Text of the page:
Tuesday, April 8, 2003
Health center staff trained in SARS detection
A serious respiratory infection, called severe acute respiratory syndrome (SARS), is spreading quickly around the world. Reports have come in from Canada, China, France, Germany, Hong Kong, Italy, Ireland, Romania, Singapore, Switzerland, Taiwan, Thailand, United Kingdom, the United States and Vietnam, prompting the World Health Organization to issue a global alert for the first time in more than a decade.
Staff at Oakland University’s Graham Health Center all have been trained to ensure early detection of a possible case of SARS, said Joanne Talarek, nurse practitioner at GHC.
“Patients calling with suspicious complaints can be screened by phone and directed to an emergency room rather than GHC if they meet all the CDC criteria for a possible case of SARS,” Talarek said. “Should we have a patient in the clinic who we strongly suspect is infected with SARS, we will provide that person and all other staff and patients with a mask and escort them to a separate room until transportation to an ER, for further evaluation, can be arranged. These procedures are modeled after our existing TB control procedures.”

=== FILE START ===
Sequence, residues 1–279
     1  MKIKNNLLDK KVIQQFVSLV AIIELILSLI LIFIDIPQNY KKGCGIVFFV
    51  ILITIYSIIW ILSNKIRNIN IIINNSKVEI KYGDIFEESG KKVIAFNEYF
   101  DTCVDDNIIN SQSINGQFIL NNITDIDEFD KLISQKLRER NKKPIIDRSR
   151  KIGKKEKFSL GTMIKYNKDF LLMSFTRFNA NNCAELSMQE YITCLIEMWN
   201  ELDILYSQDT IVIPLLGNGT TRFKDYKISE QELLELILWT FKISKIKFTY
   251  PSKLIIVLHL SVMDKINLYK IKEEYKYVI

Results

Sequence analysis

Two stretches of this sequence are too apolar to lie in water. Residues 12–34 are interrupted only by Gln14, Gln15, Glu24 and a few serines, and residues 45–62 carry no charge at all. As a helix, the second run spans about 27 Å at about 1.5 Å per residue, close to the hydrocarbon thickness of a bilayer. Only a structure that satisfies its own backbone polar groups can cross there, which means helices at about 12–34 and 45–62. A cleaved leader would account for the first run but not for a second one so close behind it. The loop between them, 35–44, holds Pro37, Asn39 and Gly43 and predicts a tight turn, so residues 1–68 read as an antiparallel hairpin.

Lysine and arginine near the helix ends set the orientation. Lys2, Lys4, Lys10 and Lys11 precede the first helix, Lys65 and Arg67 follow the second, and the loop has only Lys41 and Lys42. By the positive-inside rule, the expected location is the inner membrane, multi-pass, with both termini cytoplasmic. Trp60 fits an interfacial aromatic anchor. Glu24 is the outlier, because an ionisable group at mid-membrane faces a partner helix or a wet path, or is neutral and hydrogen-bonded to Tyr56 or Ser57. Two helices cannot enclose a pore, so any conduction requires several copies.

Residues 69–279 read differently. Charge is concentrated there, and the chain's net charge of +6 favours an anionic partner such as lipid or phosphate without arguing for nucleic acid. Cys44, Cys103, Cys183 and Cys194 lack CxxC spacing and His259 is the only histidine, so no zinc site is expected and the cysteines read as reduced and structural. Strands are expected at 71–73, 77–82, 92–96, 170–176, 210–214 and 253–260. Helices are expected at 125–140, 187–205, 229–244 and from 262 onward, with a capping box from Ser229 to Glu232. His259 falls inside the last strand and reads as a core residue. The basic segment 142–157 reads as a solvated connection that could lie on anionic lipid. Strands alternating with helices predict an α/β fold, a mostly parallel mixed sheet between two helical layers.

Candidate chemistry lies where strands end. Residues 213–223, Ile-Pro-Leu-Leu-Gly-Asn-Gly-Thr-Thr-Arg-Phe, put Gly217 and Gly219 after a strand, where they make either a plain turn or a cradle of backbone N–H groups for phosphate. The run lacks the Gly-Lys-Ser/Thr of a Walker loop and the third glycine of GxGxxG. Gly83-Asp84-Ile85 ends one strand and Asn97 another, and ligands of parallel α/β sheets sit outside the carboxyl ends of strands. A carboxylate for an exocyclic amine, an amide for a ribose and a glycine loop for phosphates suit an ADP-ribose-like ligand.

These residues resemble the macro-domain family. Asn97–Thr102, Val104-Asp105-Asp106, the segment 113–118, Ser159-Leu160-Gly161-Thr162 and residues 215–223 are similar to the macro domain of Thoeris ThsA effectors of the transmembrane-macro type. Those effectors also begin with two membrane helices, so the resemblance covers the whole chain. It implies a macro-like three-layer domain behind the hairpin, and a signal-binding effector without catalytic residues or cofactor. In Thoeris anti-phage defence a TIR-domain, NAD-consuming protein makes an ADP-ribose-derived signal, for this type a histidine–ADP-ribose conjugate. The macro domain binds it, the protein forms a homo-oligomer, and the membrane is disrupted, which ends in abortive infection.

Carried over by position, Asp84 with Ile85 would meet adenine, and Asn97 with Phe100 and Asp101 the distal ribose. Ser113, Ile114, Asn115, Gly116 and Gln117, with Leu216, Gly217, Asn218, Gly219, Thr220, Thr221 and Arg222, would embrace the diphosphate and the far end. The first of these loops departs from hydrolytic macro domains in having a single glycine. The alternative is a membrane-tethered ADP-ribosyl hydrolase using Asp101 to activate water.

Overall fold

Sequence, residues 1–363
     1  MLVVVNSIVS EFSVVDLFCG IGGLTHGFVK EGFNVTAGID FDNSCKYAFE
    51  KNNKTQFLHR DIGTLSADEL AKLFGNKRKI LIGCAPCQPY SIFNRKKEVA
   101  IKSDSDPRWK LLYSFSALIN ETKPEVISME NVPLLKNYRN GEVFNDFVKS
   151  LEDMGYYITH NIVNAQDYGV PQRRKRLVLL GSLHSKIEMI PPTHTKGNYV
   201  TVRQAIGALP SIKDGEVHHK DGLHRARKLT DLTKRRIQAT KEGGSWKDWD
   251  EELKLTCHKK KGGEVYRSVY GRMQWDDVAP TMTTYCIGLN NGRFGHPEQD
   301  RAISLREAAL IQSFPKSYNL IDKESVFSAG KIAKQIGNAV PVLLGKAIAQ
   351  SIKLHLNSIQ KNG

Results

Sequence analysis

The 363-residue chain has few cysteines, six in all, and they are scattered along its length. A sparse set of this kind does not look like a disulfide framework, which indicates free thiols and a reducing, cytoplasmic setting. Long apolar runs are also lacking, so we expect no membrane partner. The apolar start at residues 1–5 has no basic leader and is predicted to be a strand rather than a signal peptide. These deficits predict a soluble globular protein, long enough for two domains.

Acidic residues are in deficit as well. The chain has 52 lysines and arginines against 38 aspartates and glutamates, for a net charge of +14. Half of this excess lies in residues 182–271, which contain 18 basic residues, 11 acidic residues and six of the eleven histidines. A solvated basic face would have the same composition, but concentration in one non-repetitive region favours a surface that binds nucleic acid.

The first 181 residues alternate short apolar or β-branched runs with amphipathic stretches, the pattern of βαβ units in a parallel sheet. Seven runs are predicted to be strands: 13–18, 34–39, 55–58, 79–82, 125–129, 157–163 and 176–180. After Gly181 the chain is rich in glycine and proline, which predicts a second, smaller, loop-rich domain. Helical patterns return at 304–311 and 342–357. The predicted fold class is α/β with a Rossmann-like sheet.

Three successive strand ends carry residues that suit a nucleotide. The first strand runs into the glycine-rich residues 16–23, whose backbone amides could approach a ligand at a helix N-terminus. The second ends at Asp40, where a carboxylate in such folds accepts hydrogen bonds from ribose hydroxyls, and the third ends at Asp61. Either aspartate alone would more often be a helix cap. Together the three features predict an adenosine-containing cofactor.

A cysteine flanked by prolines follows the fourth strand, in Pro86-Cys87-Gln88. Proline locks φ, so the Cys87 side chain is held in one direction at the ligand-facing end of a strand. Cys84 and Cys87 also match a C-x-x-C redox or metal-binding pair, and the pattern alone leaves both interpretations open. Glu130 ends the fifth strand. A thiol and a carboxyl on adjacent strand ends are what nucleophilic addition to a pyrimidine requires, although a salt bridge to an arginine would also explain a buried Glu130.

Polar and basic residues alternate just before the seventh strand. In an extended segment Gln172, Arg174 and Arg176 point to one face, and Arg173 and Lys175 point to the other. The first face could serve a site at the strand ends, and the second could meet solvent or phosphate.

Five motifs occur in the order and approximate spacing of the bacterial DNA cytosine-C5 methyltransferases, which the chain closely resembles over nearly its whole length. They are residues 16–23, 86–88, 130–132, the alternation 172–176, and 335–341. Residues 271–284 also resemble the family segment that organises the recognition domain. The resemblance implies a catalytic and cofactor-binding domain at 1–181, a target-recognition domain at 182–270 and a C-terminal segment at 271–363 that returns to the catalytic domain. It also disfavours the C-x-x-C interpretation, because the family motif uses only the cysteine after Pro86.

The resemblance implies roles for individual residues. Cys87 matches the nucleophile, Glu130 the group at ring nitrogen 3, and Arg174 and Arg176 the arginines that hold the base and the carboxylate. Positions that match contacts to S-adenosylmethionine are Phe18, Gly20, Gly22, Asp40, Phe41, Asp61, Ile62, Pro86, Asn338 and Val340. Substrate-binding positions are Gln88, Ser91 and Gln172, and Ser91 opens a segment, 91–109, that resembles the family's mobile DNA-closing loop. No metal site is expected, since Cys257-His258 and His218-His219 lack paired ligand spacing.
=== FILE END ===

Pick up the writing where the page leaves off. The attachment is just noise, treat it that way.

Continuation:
Talarek said (according to the CDC) the typical profile of a patient presenting with possible SARS is severe respiratory distress, severe cough, fever (over 100.4) and a recent history of travel abroad or close contact with recent travelers. So far, no cases of SARS in Oakland County have been documented.